The primary health center or primary healthcare center (PHC) is the basic structural and functional unit of the public health services in developing countries. PHCs were established to provide accessible, affordable and available primary health care to people, in accordance with the Alma Ata Declaration of 1978 by the member nations of the World Health Organization WHO.

Description edit

In South Asia, PHCs are the basic first-line units providing primary health care. Theoretically, there is one PHC for every 30,000 of population. Each PHC has five or six sub-centres staffed by health workers for outreach services such as immunization, basic curative care services, and maternal and child health services and preventive services. PHCs generally consist of one or more doctors to lead the centre and a pharmacist, staff nurse, and other paramedical support staff. GOBI-FFF is a model of a PHC.

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India edit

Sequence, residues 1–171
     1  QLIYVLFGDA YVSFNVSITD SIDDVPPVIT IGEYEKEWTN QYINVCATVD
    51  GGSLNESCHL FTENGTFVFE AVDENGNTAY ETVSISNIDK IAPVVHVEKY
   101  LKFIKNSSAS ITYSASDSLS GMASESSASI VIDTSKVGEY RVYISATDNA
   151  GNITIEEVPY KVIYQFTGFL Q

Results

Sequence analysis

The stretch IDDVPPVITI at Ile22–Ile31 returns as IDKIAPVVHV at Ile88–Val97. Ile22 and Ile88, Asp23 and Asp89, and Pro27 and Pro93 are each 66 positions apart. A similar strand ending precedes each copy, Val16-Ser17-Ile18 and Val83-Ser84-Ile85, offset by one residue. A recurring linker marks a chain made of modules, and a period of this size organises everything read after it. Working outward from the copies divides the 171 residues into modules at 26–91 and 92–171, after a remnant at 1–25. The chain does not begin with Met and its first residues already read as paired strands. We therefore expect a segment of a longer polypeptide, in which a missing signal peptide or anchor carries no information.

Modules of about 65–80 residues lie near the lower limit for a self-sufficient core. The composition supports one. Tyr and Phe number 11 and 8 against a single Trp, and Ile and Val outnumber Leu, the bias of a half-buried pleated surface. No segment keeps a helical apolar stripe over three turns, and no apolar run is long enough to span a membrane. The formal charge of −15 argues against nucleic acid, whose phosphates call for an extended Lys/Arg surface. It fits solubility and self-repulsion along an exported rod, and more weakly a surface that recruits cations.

In India, PHCs form a basic part of the health care system. The Medical Officer appointed to run the PHC must be a MBBS degree holder. In addition to the provision of diagnostic and curative services, the Medical Officer acts as the primary administrator for the PHC. The primary field staff, who provide outreach services, are called "ASHA (Accredited Social Health Activist)" or a village health nurse, depending upon the Indian state where the PHC is located. The village health nurse provides service at the point of care, often in the patient's home. If additional diagnostic testing or clinical intervention is required, the patient is transported to the PHC to be evaluated by the Medical Officer. Under the national rural health mission, PHCs are rapidly being upgraded. Presently there are 23,109 PHCs in India.[1] Male Health workers known as MPW(Male)also play a vital role in implementation of National Programmes at grassroot level. They too are the frontline workers who work at field level.

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